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Bloomberg to Protesters: Congress, Not Banks, to Blame for Mortgage Crisis

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Oct. 3, 2011: New York City Mayor Michael Bloomberg speaks during a news conference in New York.AP

NEW YORK -- In a clash of New York City mayors past and present, Mayor Michael Bloomberg and former Mayor Ed Koch took opposing sides at a panel discussion Tuesday over the Occupy Wall Street protests -- with Bloomberg coming to the defense of banks and Koch angrily calling for criminal prosecutions of corporate executives. 

"It was not the banks that created the mortgage crisis. It was, plain and simple, Congress," said Bloomberg, himself a former executive of a financial information company, at the event for business leaders. 

Koch responded by noting that major banks have been fined hundreds of millions of dollars. 

"What do you think they got fined for? Schmutz on the sidewalk?" he asked in his signature New York twang, using a Yiddish term for dirt. 

Calling himself enormously angry, Koch called for the criminal prosecution of a CEO or CFO of a major corporation. 

"They beggared the people in this country," he said. "There's something wrong with a kid who steals a bike going to jail, and someone who steals millions paying a fine." 

Bloomberg dismissed the downtown encampment now entering its seventh week on the footstep of Wall Street, saying "it's fun and it's cathartic" to complain, "but it doesn't do anything for the future." 

"Catharsis is good," Koch responded. 

Former Mayor David Dinkins, also on the panel, stayed out of the discussion of the protests, saying that he would leave it to the experts to debate fiscal matters.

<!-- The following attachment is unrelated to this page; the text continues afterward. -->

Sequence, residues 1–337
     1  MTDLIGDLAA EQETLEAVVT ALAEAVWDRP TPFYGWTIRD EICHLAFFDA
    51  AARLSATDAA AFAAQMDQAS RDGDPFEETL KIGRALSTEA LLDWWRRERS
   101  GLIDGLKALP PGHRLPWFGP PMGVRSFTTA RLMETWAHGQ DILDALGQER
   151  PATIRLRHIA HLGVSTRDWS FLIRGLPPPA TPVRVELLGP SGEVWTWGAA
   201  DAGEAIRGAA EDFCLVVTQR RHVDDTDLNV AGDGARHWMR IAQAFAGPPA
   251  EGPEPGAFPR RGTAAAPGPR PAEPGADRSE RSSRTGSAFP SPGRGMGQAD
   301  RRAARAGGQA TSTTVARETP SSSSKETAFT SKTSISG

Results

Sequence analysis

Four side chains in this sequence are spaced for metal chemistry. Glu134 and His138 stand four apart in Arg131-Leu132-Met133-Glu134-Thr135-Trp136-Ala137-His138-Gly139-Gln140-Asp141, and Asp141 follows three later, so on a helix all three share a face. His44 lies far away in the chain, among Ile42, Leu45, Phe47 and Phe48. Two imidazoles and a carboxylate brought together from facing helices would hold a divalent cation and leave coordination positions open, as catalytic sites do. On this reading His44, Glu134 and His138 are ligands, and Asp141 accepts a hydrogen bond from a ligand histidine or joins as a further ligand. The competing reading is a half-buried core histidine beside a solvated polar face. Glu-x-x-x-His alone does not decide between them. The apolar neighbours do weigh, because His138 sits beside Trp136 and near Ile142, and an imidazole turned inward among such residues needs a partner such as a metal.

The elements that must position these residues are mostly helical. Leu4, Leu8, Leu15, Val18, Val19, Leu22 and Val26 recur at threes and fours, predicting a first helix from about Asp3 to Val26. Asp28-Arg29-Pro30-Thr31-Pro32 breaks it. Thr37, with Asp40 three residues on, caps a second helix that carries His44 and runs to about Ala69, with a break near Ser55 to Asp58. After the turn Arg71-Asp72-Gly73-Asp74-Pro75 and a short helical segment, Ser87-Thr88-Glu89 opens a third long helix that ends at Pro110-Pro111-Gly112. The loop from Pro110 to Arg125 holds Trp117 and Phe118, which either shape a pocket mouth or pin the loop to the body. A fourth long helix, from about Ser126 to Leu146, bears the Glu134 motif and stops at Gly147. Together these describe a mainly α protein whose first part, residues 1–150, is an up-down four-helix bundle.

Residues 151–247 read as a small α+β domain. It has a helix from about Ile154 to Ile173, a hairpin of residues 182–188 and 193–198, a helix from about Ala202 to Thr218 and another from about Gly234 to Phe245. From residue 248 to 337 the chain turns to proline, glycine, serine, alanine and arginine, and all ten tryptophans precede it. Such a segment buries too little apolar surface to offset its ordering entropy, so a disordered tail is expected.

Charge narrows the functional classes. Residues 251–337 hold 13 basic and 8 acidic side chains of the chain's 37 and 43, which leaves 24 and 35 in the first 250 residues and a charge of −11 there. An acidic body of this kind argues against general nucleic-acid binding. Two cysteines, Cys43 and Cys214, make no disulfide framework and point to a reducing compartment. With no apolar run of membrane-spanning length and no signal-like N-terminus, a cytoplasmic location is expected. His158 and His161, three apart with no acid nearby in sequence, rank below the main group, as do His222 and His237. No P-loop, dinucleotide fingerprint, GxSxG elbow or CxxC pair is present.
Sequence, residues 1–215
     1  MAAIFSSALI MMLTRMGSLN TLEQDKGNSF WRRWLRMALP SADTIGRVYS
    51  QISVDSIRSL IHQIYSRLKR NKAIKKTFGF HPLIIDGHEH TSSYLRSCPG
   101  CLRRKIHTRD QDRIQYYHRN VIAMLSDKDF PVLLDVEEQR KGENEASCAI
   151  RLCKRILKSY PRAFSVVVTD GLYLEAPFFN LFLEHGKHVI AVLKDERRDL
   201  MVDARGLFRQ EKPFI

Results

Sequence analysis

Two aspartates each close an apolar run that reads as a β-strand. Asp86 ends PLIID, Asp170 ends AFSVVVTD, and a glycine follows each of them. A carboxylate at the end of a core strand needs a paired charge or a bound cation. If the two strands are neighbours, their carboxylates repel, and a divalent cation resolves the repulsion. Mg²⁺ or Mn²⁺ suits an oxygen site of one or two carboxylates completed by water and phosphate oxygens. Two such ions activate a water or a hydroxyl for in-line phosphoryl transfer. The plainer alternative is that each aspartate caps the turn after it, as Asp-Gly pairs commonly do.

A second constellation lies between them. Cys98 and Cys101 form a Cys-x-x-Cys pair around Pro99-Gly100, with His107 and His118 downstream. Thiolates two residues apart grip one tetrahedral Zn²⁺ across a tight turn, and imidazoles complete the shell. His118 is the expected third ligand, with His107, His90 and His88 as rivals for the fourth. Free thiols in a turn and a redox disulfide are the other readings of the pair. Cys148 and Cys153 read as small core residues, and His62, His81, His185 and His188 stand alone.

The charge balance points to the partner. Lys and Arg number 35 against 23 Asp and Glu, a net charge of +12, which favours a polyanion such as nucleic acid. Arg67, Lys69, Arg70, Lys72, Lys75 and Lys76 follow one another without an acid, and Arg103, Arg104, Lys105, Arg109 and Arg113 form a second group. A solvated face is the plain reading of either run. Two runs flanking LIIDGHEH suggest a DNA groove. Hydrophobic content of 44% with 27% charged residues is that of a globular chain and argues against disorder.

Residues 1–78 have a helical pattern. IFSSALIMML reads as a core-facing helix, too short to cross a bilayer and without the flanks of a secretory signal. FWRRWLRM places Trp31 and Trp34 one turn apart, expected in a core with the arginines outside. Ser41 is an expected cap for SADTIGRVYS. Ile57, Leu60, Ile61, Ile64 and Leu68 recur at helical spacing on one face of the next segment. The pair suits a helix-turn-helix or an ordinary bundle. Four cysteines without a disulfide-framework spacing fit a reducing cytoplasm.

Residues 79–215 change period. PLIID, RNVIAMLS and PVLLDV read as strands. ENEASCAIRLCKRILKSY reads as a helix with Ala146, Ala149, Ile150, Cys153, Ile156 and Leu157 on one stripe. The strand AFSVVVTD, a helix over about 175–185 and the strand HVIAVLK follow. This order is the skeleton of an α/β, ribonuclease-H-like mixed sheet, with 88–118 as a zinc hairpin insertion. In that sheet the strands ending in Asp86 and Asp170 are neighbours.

Despite any disagreements, the tone of the discussion moderated by PBS host Charlie Rose remained genial, with the three mayors reminiscing about the highs and lows of their terms. 

Bloomberg, in the midst of a rough third term in which his poll numbers have dipped, said that he's not as inured to the public's opinion of him as he might seem. 

"You just have to keep a straight upper lip and never let anybody know that they're getting to you," he said. "Does the criticism hurt? Of course it hurts." 

Still, while many have speculated that the mayor might now regret his ardent bid for a third term, Bloomberg said he still thrills at the chance to walk into City Hall. 

"I love every single day getting up, even though you're going to get beaten up," he said. "The greater the challenge that day, the more the adrenaline goes and the more you look forward to getting in there." 

Asked about his proudest accomplishments as mayor, Bloomberg cited his takeover of the school system, the rise in life expectancy among city residents and the diversification of the city's economy. He said his biggest failure was his inability to get state passage of his congestion pricing plan to charge people to drive in Manhattan, in an effort to improve the city's transit system.
Dinkins, who served from 1990 to 1993, said his biggest disappointment as mayor was his failure to stop the 1991 Crown Heights riots after the death of a 7-year-old black boy in an auto accident involving a motorcade of a Jewish religious leaders. A Jewish man was stabbed to death in retaliation, and days of rioting on both sides followed. 

He said he was proudest of keeping the city's libraries open six days a week despite budget shortages, keeping the U.S. Open tennis championship in New York, passing public safety programs and hosting Nelson Mandela in 1990. 

Koch, who was mayor from 1978 to 1989, said he treasured the memory of going to the Brooklyn Bridge in person to urge commuters to cross by foot during the 1980 transit strike. In hindsight, he said he regrets having forced the closure of a Harlem hospital that many people in the black community treasured because of its early admission of black doctors.